Syrian Opposition Meeting in Astana Makes Tentative Headway in Finding Way Forward for Peace Process

ASTANA – The majority of 30 Syrian opposition figures who met in Astana on May 25-27 issued a joint statement on May 28, in which they appealed for a continued search for political solutions to the lasting conflict in their country. They also thanked the Kazakh government for providing a favourable setting for the latest round of negotiations and expressed hope that the platform in Astana could develop into a permanent and effective mechanism in the process of elaborating a political solution for Syria.1238 (_______)

The meeting of Syrian opposition groups was called in Astana following Kazakh President Nursultan Nazarbayev’s acceptance of their proposal from earlier this spring that the country help in mediating talks on the civil war in Syria. Following intense and complicated negotiations, which were held at Rixos President Astana Hotel, their participants issued a joint statement in Arabic on May 28 titled “Astana Declaration for a Political Solution in Syria.”1178

The document, among other things, named the Geneva-I principles formulated at the conference in Switzerland on June 30, 2012, as the “basis for any political settlement,” while stressing that the results of two rounds of negotiations in Moscow must be “taken into account.” The document specifically mentions the need for “a gradual political transition of power through a provisional government of national accord,” and deplores all forms of violence against civilians and “all kinds of terrorist activities practiced by extremist groups.” It also highlights the need to bring to responsibility all those guilty of war crimes in the ongoing combat.1154

“The participants in negotiations confirm their aspirations, shared by all Syrians, to create of a state of national unity, which is based on freedom and equality of citizens,” the document said. “They expressed a view that Syria would become a state of all the Syrian people without any division and discrimination on religious or ethnic basis, and that loyalty to the state is a basic prerequisite for building fair society for all Syrians.Toallow Syria to remain a unified nation-state, radical change is needed to decentralise power andincrease democratic pluralism, without favouring any religious or ethnic group.”1168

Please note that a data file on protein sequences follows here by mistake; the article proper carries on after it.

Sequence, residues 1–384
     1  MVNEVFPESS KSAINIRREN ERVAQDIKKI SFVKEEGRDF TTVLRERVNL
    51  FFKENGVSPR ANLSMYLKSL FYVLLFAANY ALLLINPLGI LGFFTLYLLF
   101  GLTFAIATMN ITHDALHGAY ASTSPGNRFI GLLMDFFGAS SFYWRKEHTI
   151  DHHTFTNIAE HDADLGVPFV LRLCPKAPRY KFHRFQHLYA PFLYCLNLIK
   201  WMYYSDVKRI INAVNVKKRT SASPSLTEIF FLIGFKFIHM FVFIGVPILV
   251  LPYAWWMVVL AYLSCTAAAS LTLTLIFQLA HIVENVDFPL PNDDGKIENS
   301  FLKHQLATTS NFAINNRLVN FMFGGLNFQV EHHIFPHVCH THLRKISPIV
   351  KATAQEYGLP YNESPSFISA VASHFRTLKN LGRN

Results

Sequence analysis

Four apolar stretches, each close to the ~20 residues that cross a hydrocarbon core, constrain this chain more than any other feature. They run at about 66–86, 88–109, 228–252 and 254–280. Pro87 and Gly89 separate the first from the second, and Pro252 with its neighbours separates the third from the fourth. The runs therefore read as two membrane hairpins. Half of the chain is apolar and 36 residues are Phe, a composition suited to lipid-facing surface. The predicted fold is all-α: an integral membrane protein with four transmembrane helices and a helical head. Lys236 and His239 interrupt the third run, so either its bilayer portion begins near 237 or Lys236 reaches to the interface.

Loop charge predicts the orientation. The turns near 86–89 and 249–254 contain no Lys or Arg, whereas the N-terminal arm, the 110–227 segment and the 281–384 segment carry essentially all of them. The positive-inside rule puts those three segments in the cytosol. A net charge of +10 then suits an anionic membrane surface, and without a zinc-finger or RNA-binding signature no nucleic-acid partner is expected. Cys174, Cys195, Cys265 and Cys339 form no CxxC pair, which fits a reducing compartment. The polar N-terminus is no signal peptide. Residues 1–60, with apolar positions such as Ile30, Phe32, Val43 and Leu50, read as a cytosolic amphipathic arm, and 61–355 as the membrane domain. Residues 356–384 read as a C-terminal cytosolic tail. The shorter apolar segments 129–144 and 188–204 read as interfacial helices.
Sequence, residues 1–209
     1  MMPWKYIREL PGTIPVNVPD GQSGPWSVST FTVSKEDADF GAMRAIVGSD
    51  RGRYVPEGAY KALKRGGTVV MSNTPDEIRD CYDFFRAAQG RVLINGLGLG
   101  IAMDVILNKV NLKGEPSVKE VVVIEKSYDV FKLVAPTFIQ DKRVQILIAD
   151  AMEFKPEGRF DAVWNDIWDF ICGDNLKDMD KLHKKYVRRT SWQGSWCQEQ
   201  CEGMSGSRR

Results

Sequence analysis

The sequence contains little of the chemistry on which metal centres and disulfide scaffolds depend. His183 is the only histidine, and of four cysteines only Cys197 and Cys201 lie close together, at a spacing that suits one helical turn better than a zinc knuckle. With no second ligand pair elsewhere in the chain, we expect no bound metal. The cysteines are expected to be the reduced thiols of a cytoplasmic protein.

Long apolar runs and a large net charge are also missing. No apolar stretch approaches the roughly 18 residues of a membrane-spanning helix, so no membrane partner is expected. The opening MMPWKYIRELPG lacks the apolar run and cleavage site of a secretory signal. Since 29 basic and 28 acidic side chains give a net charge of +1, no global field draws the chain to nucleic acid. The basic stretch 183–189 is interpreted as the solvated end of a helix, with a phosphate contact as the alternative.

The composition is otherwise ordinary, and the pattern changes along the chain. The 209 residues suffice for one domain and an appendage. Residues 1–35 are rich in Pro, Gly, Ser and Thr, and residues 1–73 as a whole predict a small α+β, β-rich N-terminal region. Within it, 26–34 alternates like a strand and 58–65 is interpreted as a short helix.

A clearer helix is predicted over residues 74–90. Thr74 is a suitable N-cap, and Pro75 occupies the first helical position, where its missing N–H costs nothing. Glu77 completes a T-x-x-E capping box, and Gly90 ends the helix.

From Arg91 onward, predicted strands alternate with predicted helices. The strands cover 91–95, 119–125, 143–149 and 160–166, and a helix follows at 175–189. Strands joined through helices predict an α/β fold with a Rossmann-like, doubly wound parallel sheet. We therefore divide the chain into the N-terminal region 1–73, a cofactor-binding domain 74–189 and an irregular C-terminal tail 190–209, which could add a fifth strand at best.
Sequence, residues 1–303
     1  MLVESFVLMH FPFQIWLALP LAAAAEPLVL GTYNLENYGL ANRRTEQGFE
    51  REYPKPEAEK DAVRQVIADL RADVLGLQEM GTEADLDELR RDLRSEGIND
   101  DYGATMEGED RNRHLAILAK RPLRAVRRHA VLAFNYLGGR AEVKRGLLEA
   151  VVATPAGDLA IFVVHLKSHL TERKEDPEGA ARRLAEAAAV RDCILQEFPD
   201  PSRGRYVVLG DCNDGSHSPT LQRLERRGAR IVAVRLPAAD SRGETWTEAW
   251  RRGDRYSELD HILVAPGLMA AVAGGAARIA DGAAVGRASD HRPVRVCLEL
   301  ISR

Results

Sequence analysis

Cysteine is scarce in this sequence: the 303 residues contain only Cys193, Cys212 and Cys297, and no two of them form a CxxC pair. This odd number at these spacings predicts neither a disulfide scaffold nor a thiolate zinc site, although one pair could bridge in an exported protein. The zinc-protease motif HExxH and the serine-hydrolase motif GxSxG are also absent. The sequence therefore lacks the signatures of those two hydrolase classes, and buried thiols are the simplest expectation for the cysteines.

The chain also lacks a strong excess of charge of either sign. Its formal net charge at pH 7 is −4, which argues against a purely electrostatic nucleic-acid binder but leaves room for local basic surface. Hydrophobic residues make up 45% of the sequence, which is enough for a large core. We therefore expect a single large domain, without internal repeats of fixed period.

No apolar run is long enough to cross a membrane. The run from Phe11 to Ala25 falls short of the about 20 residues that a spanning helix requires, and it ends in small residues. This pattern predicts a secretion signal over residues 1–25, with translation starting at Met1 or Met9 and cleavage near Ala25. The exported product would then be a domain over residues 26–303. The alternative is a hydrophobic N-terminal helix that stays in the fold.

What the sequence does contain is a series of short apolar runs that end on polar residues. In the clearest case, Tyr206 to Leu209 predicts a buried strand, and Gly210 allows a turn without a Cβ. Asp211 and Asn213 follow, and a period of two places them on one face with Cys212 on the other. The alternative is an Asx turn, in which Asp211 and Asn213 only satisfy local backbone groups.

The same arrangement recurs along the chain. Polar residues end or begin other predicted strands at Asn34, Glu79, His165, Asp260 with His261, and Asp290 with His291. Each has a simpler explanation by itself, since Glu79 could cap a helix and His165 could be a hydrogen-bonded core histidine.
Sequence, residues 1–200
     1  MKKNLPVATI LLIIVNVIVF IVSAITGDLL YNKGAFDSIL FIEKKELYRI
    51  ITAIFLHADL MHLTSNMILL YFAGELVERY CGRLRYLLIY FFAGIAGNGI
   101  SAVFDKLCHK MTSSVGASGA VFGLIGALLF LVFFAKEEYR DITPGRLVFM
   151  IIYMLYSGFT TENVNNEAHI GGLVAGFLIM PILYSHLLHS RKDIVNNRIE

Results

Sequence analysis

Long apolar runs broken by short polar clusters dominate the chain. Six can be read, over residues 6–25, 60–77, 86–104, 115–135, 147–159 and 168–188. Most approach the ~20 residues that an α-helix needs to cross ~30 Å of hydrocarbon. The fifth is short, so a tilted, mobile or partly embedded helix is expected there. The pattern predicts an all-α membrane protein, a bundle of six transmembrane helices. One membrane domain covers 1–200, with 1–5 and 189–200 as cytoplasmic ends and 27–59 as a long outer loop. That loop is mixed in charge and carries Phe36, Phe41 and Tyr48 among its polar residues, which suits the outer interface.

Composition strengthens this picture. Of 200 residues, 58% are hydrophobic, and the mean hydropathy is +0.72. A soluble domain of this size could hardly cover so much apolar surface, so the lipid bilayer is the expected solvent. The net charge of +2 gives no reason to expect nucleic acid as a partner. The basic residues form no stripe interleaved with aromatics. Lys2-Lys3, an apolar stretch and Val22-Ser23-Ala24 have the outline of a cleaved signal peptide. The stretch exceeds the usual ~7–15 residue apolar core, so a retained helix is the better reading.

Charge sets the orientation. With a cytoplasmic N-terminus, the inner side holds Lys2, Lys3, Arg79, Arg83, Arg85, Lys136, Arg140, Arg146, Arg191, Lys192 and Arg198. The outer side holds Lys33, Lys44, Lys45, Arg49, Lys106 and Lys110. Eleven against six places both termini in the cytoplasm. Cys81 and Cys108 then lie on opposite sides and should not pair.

“The participants expressed the need for the withdrawal of all foreign insurgents involved in the conflict and the restoration of the army in accordance with the principles of the defence of the country,” the documents further said. “They underlined the need for the fulfillment of all international resolutions on the termination of funding and support for terrorism.”1229

The participants further called for the release of all political prisoners and abductees. “On the issue of refugees they agreed on the need for specific regulatory steps for their return to the country and the presence of civil society organisations and international organisations in the affected areas to provide immediate humanitarian aid,” the statement noted.

Three prominent delegates held a joint press conference to present the document to the media and to share their assessments of the talks. These included Syrian activist and human rights defender Ammar Abdulhamid, President of the Movement for a Pluralistic Society Randa Kassis and senior representative of the Syrian Kurds community Sarbast Nabi.

The speakers commended the discussions in Astana as fruitful and praised the agreement, reached by about two thirds majority of the participants of the talks, on particular principles of settlement of the Syrian conflict.

“For the first time, we reached concrete agreements and agreed on a number of principles in search of peace in Syria,” Nabi told about 50 reporters assembled for the press conference at Rixos.

According to Abdulhamid, “this meeting may evolve into a wider platform [for dialogue]. In the future, we want to engage other opposition groups in this dialogue.” He characterised the talks in Astana as “an attempt at coordinating the stances of the opposition.”